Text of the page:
DevOps – the war is over if you want it is a presentation by Patrick Debois which I also encourage you to check out, as it is also very evocative thru images:
DevOps – 6 steps for improved collaboration
[…] The DevOps movement is a modern push from the software industry to instill better interaction and productivity between development (Dev) and IT operations (Ops). Instead of throwing applications “over the fence” blindly to operations, a fluid and much more effective DevOps process inserts transparency, efficiency and ownership into the art of developing, releasing and the production use of critical applications. It also binds the two traditionally siloed teams together. […]
Last but not least, 10+ Deploys Per Day: Dev and Ops Cooperation at Flickr (another presentation from a conference) is a real-world example of a large scale web site (Flickr) and how those practices are adopted.
When it comes to the DevOps ideas and concepts within Microsoft products, for what I can see, some customers really “get“ it, and would like to see more in this sense. For example I found this interesting blog post by James Dawson:
[…] The bulk of my work revolves around the Microsoft platform and to put it bluntly it is very much a second class citizen in terms of the available tooling.
Now I’ve fanned the flames, let me put some context around that. I don’t mean that as a criticism, in fact I view the status quo as an entirely natural result given where the movement grew out of and, to be frank, the mindset of the typical Microsoft IT shop. In a Microsoft environment there tends to be far greater reliance on big vendor products, whereas in the Linux/BSD world it is far more common to integrate a series of discrete tools into a complete tool chain that meets the needs for a given scenario. […]
I think James is right when saying this: he “gets” it, but we also have a vast user base of more “traditional” enterprise customers where the concepts have not been digested and understood yet. When it comes to traditional enterprises, what sometimes happens is well explained in this other article by Paul Krill:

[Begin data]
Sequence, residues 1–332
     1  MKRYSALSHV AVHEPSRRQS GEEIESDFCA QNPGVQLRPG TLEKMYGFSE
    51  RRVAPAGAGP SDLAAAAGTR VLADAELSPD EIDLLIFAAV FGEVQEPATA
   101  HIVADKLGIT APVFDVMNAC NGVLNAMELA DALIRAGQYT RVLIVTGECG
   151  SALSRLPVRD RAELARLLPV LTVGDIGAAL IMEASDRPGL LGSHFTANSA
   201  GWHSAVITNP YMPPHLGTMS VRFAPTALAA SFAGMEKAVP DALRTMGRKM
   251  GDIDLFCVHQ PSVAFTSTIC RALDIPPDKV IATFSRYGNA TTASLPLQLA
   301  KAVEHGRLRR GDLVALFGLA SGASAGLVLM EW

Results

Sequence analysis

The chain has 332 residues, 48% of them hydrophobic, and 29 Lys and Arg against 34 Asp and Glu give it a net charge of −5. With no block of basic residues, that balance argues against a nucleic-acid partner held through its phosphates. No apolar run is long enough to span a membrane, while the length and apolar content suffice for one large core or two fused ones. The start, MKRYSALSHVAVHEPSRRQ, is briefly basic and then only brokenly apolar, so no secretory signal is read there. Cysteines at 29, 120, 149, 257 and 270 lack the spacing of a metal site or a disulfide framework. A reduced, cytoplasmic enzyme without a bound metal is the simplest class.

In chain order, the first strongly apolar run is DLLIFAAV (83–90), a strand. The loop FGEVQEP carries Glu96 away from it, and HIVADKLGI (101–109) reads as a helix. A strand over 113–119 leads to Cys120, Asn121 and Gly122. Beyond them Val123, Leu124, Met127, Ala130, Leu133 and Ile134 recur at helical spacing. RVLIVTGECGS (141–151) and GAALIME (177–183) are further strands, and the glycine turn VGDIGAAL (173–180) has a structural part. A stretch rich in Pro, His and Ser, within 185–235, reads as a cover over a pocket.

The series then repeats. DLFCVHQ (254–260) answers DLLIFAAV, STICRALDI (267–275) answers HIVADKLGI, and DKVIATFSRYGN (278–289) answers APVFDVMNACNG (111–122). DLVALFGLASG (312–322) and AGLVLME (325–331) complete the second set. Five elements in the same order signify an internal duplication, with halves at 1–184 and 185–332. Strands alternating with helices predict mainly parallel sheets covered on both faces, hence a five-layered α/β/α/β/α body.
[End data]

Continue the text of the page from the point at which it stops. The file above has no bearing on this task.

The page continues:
[…] To protect the infrastructure, IT ops can put in place processes that seem almost draconian, causing developers to complain that these processes slow them down, says Glenn O'Donnell, an analyst at Forrester Research. Indeed, processes such as ITIL (IT Infrastructure Library) that provide a standardized way of doing things, such as handling change management, can become twisted into bureaucracy for its own sake. But sometimes, people "take a good idea too far, and that happens with ITIL, too." […]
And I think that is exactly one of the reasons why, even if many of our teams “get” it, we need to talk more of the DevOps culture in those places where it hasn’t arrived yet, so that these integrated products are more successful and can help them solve problems – because some of these customers haven’t yet realized that it takes a culture shift before these new tools can be adopted. DevOps does not have critical mass today, but could have it tomorrow. Even Gartner says:
[…] by 2015, DevOps will evolve from a niche strategy employed by large cloud providers into a mainstream strategy employed by 20% of the Global 2000 organizations”. […]
So, back to suggesting that Microsoft produces more of this “goodness”, James again writes:
[…] I want to see the values espoused by DevOps spread far and wide, including the quietest backwaters of corporate IT, where Windows, Office and IE 6 reign supreme. To that end, the Microsoft infrastructure community needs to take a similar approach as the .NET community did and start bringing some of the goodness that we see in the Linux world to the Microsoft platform in a way that facilitates adoption for all and actually takes advantage of the platform’s innate richness and strengths. […]
So do I. And, for what I can tell, we are actually trying to bridge gaps and push the culture shift – integrating APM in OpsMgr is definitely an effort in this direction. But it might take some time. Is it too an “utopian” a vision? I don’t think it is; I think we can get there. But it will take some time. As this other article was saying:
[…] The DevOps approach is so radical it will take some time to cross the chasm, and indeed it will be actively resisted by many organizations where it threatens traditional delivery models and organizational structures. […]
Let’s get Dev and Ops talking to each other, also in the Enteprise! I am all for it.